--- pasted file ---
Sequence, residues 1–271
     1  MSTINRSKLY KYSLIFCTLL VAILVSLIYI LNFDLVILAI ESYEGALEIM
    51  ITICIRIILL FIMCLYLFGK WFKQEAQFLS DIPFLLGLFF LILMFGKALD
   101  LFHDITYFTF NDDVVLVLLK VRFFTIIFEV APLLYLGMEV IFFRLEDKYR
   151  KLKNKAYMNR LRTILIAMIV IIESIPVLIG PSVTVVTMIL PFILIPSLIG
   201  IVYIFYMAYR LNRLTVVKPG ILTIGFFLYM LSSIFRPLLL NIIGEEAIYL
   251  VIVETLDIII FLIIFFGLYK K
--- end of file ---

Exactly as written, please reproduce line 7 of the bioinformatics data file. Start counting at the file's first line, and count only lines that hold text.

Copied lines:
   251  VIVETLDIII FLIIFFGLYK K